(Photo Courtesy of Lowell Sun) “Map of planned route for spray of mosquito pesticides in Lowell, Massachusetts.”
On Aug. 30, the City of Lowell announced that the Massachusetts Department of Public Health had identified mosquitoes that tested positive for West Nile Virus in the area. The samples were collected from mosquitoes found in the Pawtucketville area of Lowell. West Nile Virus is spread primarily through the bite of an infected mosquito.
In order to combat these mosquitoes, the Central Mass Mosquito Control Project conducted preventative pesticide spraying in the Pawtucketville area extending to the Dracut, Tyngsborough and Chelmsford borders on Aug. 31.
West Nile Virus can infect people of all ages, but the demographic at risk is people over the age of 50. Most people infected do not experience any symptoms. However, serious cases can lead to flu-like symptoms and even meningitis.
There are unique public health implications with an insect-borne disease outbreak. However, some of the general public health issues are what UMass Lowell’s Public Health Professor Ann-Marie Matteucci refers to as the “social determinants of health.” She says, “[E]conomic stability is a huge barrier … that can put [people] at risk … How crowded are their living conditions? How well is their transportation working for them? Does their job give them time off if they’re sick? [Do they have a]ccess to healthcare[?] Do they have health insurance[?] … [W]hen we think about that, we see a lot of disparities.”
For city officials who have to rectify the threat, Matteucci says risk-benefit analysis is the key. West Nile Virus is mostly asymptomatic and not especially fatal, so the city has to weigh the risks of spraying pesticides with the risks of potential infections. “Once they get to a certain saturation of the mosquitoes is when they are going to have to start thinking of protecting people … If they were spraying every week, the risk of the pesticides would grow exponentially, but … they’re usually doing it in this window of time where the mosquitoes have really taken hold … We’re just trying to get to the first frost,” says Matteucci. “That’s their risk-benefit analysis. How many people can we potentially save from getting West Nile by doing this one shot, or maybe two shot, sprays? And if there were no mosquitoes with West Nile, they wouldn’t take the risk.”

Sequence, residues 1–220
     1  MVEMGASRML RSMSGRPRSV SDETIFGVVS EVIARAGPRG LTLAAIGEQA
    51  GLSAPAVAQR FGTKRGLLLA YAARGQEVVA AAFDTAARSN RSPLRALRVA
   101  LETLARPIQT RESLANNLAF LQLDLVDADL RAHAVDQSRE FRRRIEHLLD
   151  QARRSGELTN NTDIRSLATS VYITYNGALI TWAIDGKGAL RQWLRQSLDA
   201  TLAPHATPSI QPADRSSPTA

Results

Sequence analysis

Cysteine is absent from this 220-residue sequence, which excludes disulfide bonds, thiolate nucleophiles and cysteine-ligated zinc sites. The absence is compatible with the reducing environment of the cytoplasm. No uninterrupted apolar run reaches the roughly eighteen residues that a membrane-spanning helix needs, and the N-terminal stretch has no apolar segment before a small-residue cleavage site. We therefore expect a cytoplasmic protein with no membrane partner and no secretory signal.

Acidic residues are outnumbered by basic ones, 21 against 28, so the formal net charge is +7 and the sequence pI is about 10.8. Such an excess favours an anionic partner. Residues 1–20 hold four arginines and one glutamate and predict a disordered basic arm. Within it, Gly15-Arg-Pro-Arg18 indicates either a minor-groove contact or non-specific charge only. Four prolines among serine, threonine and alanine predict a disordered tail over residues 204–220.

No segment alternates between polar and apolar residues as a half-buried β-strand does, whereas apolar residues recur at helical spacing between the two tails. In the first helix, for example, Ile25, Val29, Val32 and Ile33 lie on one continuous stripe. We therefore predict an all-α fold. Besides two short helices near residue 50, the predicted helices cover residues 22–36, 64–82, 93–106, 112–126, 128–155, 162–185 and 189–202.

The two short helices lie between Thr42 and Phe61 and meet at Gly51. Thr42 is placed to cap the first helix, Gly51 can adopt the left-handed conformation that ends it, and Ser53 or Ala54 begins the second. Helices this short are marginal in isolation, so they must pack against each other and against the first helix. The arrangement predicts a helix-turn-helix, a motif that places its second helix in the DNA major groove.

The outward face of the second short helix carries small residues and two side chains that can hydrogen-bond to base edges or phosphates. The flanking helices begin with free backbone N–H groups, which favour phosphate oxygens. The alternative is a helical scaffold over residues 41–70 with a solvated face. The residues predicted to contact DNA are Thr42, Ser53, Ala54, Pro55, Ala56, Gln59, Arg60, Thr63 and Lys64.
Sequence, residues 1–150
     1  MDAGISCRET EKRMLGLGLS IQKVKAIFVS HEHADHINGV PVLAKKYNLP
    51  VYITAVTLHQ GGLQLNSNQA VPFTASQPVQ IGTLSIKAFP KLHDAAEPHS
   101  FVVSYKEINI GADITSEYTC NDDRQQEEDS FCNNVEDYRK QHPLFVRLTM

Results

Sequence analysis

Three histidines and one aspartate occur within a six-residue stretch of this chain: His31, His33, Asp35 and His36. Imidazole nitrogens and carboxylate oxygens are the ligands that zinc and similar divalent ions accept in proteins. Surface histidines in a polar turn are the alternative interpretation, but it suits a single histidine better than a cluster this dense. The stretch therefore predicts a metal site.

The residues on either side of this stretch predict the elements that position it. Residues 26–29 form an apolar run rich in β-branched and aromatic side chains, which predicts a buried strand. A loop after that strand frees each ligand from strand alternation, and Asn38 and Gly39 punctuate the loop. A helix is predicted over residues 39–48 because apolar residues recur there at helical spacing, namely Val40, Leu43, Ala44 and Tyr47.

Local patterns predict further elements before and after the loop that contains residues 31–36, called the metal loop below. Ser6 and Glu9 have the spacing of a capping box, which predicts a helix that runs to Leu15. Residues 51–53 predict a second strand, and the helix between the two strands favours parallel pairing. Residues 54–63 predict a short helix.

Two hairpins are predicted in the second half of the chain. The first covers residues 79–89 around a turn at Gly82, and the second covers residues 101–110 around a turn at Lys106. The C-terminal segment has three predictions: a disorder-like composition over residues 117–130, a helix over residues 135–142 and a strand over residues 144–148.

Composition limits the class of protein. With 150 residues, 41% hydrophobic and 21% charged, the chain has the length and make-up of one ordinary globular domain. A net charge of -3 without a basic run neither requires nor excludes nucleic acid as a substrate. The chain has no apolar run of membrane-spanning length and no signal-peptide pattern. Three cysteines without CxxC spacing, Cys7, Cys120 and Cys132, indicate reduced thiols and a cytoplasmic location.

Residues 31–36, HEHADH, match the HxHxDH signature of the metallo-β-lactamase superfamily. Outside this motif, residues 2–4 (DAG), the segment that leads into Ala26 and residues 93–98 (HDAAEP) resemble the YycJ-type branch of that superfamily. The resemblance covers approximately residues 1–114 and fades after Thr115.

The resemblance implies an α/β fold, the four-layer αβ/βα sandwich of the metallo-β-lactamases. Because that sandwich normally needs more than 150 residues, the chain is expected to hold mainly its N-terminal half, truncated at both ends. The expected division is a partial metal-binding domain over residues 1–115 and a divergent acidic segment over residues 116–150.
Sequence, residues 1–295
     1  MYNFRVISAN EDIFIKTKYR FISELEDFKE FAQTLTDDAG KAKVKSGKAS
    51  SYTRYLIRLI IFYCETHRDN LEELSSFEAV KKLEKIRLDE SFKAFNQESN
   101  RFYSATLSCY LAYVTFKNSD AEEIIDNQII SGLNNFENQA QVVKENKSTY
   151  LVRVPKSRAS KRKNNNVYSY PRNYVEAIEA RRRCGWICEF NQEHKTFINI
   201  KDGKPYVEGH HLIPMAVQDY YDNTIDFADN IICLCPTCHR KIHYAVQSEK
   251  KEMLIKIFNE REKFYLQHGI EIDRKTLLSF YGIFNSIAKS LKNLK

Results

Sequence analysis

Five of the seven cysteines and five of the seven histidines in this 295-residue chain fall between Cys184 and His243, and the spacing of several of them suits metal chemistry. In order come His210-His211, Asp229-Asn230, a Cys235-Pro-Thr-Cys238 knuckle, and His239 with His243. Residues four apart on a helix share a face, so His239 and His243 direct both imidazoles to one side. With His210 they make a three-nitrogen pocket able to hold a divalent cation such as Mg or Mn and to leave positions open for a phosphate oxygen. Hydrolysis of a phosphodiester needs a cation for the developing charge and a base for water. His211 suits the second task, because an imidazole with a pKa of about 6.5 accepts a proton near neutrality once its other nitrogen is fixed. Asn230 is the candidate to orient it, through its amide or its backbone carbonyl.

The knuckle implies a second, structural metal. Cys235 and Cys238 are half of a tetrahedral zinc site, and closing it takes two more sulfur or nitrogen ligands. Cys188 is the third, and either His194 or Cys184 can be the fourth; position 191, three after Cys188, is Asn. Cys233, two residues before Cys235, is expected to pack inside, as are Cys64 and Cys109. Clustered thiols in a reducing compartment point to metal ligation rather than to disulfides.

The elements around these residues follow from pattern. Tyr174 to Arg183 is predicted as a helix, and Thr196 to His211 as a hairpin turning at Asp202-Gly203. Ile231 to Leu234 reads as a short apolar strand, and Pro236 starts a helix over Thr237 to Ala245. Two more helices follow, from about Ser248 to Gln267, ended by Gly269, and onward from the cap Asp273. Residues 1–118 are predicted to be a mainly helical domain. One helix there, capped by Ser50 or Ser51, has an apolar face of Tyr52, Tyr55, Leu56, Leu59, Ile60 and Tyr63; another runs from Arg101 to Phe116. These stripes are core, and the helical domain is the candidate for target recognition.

Another issue about dealing with an insect-borne, or in this case “vector-borne” disease, is that the epidemiological response is completely different than if the disease were in a human population. Matteucci says, “Parallel to COVID[-19], because that’s a thing we all know, that was person-to-person spread … keep people separated, less exposure to each other, that type of thing. When we come to a vector-borne disease, we end up having to deal with either protecting the person or eliminating the vector, the insect. Or we can treat the host population, the birds, which is a little hard.”
The City of Lowell gave tips in a press release on how to avoid getting bit, like applying mosquito repellent, wearing long sleeve clothes and pants and being weary of peak mosquito
hours, which is from dusk till dawn. They also included tips on mosquito proofing, which include “draining or getting rid of items that hold water. Check rain gutters and drains. Empty any unused flowerpots and wading pools and change water in birdbaths frequently.” They also say to replace any screens with holes in them.
For students at UMass Lowell, be weary of when and where outdoor clubs or sports meet. If possible, consider meeting indoors during those peak mosquito hours. If not, wear long sleeves or bug spray before going outside.